The drives and their associated computer storage media discussed above and illustrated in FIG. 2, provide storage of computer readable instructions, data structures, program modules and other data for the computer 110. In FIG. 2, for example, hard disk drive 141 is illustrated as storing operating system 144, application programs 145, other program modules 146, and program data 147. Note that these components can either be the same as or different from operating system 134, application programs 135, other program modules 136, and program data 137. Operating system 144, application programs 145, other program modules 146, and program data 147 are given different numbers here to illustrate that, at a minimum, they are different copies.

The computer 110 may operate in a networked environment using logical connections to one or more remote computers, such as a remote computer 180. The remote computer 180 may be a personal computer, a server, a router, a network PC, a peer device or other common network node, and typically includes many or all of the elements described above relative to the computer 110, although only a memory storage device 181 has been illustrated in FIG. 2. The logical connections depicted in FIG. 2 include a local area network (LAN) 171 and a wide area network (WAN) 173, but may also include other networks. Such networking environments are commonplace in offices, enterprise-wide computer networks, intranets and the Internet.

When used in a LAN networking environment, the computer 110 is connected to the LAN 171 through a network interface or adapter 170. When used in a WAN networking environment, the computer 110 typically includes a modem 172 (telephone, cable, DSL, etc.) or other means for establishing communications over the WAN 173, such as the Internet. The modem 172, which may be internal or external, may be connected to the system bus 121, the network interface 170, or other appropriate mechanism. In a networked environment, program modules depicted relative to the computer 110, or portions thereof, may be stored in the remote memory storage device. By way of example, and not limitation, FIG. 2 illustrates remote application programs 185 as residing on memory device 181. Such remote application programs may include business systems involved in electronic business transactions as are discussed in more detail below. It will be appreciated that the network connections shown are exemplary and other means of establishing a communications link between the computers may be used.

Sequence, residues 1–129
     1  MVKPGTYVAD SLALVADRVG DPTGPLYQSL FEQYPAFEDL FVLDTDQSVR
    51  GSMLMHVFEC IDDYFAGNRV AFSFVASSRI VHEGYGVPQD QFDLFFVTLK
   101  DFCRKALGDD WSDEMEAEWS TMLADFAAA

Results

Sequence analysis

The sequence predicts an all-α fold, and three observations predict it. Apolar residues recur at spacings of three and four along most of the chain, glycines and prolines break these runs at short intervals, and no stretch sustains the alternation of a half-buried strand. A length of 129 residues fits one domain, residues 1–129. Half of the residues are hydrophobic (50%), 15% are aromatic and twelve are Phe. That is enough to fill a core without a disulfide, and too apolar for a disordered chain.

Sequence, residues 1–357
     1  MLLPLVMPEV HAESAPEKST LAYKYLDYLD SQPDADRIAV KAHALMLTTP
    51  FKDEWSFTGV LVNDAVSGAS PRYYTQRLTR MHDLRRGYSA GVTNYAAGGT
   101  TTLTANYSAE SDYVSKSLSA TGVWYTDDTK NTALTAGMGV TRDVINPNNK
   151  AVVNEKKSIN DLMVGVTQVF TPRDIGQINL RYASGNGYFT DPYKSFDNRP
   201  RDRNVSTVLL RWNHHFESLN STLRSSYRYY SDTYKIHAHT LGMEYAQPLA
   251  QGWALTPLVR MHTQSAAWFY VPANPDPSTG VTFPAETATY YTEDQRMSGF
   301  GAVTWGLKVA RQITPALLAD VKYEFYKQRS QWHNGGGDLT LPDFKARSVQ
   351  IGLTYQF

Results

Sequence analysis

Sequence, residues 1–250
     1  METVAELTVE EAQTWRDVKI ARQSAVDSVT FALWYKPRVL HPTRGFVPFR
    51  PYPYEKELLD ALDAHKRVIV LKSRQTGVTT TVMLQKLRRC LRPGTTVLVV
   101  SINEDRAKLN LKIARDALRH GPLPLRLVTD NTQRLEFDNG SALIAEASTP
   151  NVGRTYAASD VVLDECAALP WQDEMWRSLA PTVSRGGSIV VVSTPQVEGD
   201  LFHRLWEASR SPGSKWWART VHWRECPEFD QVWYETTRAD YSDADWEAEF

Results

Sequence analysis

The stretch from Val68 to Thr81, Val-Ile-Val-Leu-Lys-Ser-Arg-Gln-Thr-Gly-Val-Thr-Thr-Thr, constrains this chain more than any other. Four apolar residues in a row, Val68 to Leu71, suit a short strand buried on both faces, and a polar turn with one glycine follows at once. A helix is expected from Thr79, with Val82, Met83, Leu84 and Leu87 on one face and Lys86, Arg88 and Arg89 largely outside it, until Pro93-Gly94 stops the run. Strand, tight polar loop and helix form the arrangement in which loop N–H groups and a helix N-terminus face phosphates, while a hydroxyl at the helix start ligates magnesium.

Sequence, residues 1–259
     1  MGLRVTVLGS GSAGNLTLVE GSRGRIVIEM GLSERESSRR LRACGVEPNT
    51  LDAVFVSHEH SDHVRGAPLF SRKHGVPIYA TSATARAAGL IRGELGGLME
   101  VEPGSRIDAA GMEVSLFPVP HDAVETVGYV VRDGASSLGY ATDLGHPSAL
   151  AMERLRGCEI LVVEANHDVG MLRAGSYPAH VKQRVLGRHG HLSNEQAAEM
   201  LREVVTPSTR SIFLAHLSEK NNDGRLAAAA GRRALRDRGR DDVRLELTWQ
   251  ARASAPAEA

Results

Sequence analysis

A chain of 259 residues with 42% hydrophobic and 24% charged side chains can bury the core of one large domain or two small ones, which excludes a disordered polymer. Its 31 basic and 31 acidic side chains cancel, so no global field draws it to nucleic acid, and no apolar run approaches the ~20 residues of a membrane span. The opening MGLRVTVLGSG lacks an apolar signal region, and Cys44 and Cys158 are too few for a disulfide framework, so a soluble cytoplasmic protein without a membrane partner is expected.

FIG. 3 is a block diagram of a representative business application test framework 300. The framework 300 may include a test runner 302, that acts as a central core to an automated test. Multiple runners may be instantiated. A simple runner is used to run tests and may support both a test tool bar and a test runner form. The test tool bar allows quick selection of a test or suite for execution. The test runner form allows list-style presentation of available tests and collated results. A console runner may be used by other tools to execute tests. An example of code management integration, discussed below, uses a console runner. An API runner allows custom runners to be built and executed.

Tests may be created and edited in a test development module 303. A test case management object 304 may be used to organize tests 305 by categories. A suite 306 may be a collection of tests that when performed together exercise a particular transaction or function. An individual suite may include actual tests 305, but in some embodiments, has metadata corresponding to tests 305 and the logic associated with execution of a particular test or compilation of tests. The metadata may be used to generate the respective tests when called by the test runner 302. A common class may be used to wrap multiple tests into a particular suite. The use of a common class, for example, a test_case class, allows reuse of some test infrastructure code, such as, data setup and teardown by all suites.

A test result object 308 may be responsible initializing the test execution context and starting and stopping a profiler object 314. The test result object 308 may then gather data from the testing process. Results may include value changes or events that occur during testing. When the result object 308 has the results, they may be passed to an appropriate listener 312, from a set of listeners 313, with each listener oriented to particular focus or function. The listeners have the purpose of persisting the data received in a corresponding format. For example, as mentioned above, listeners 313 may include a database listener to writes results to a database, or an XML listener that creates a corresponding XML file, or others as needed. In addition, the test result object 308 start a profiler object 314 at the beginning of a test. The profiler object 314 may monitor code execution by line of code. When the test is completed, the result object 308 may gather the code execution data from the profiler for use in building a code coverage metric for the test. The code coverage metric may determine a percentage of system-under-test 310 objects that have been exercised by the current test instance or run.

A reporting object 316 prepares result data and allows graphical presentation of results on a user interface (not depicted). In one embodiment, a user interface associated with the test runner 302 is used first for selecting tests or test suites and is then used to present results associated with the selected tests or suites.